For the last two decades storage space has been both limited and relatively expensive; hard disks, for example, have been largely restricted to the MB range on all but very large mainframes. However, memory and media costs have continued to fall, to the point where today's laptop computers are available with over 80 GB of disk storage and over 64 MB of main memory. With front- and back-office applications generating huge amounts of critical data, storage management has become a high priority for enterprise administrators and network designers.
Traditionally, data have been stored locally on application, file, and database servers. On these systems, there is a loose hierarchy of storage components, in terms of expense, speed, and the average volume of data stored. We can rank each component in descending order of speed and decreasing cost per MB as follows:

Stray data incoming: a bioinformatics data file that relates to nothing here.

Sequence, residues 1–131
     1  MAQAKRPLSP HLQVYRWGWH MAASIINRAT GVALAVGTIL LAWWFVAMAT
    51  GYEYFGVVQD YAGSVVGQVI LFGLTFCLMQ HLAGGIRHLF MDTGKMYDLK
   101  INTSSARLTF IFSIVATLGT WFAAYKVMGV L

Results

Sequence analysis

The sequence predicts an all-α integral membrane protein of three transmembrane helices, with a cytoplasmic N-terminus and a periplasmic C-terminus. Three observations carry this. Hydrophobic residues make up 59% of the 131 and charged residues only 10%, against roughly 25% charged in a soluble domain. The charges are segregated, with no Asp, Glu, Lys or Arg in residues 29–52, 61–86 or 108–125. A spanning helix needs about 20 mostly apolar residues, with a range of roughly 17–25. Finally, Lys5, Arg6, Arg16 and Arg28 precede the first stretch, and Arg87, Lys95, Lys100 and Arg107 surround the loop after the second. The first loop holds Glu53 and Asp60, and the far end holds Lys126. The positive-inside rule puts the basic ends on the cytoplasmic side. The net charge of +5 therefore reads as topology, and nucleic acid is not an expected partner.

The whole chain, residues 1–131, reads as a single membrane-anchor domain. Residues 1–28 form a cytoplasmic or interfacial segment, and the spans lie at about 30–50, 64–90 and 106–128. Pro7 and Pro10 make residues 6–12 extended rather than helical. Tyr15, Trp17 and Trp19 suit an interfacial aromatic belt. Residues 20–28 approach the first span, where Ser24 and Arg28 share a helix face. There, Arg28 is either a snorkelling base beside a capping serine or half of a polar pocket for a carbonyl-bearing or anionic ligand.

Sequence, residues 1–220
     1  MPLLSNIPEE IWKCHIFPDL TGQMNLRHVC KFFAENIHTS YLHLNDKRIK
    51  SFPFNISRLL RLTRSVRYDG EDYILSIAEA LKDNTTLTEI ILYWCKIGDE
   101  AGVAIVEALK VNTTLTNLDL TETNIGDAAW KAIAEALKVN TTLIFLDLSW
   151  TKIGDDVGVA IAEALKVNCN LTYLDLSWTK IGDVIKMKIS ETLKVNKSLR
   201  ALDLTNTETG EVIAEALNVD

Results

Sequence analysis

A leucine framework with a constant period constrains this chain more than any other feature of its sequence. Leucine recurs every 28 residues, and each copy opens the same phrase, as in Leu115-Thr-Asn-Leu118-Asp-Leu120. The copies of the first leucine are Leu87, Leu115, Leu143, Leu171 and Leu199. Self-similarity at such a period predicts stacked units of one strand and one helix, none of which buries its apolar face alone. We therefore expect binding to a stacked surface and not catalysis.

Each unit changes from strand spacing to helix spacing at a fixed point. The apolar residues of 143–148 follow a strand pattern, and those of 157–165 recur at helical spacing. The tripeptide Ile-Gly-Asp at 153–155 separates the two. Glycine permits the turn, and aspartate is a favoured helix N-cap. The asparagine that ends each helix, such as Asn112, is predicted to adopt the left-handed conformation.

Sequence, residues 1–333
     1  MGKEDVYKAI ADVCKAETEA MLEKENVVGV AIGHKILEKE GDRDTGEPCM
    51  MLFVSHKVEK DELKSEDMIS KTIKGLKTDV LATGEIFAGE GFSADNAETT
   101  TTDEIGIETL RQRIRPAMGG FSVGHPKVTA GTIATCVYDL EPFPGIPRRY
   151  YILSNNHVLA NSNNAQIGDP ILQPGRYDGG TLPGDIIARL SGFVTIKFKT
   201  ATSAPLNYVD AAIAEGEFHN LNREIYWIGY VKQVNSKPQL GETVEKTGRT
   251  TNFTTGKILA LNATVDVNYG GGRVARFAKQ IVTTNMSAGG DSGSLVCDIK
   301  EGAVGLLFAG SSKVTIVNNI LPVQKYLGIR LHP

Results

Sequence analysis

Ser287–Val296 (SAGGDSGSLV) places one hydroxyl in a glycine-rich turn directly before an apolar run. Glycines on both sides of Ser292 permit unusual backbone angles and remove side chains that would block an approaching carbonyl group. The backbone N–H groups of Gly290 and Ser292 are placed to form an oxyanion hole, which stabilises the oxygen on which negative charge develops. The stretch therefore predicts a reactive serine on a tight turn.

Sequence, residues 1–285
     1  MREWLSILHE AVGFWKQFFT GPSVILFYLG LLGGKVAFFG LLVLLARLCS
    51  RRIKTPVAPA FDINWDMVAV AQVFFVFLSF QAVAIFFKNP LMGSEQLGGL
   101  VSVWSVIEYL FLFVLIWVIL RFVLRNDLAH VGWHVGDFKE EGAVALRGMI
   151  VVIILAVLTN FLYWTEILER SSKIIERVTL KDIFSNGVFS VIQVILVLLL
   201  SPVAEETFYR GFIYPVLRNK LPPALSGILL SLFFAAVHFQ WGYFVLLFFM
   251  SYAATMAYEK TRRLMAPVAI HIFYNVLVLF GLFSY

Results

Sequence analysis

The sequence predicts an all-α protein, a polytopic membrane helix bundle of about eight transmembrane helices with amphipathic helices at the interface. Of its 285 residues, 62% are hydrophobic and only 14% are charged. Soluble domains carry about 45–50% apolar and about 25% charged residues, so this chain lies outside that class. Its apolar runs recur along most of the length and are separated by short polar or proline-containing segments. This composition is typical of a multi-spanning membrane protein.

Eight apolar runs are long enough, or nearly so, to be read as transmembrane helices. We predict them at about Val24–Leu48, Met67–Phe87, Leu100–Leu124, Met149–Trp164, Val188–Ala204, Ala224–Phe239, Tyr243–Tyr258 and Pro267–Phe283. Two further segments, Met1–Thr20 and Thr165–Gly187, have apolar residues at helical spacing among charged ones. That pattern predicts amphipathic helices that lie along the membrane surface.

Fast hard disk
Slow (or compressed) hard disk
Tape or optical library
Vaulted tape (offline)
Clearly, the storage components with the fastest access time are typically the most expensive. In order to optimize data access time, the general theory is to place the most volatile (frequently accessed) data into higher-speed storage components. However, cost constraints mean that it is highly unlikely that all useful data could be placed in memory, so the current focus is on high-speed bulk disk storage solutions for the majority of applications. In fact, a combination of fast disks, compressed disks, and an automated tape library are commonly employed to provide a complete storage solution.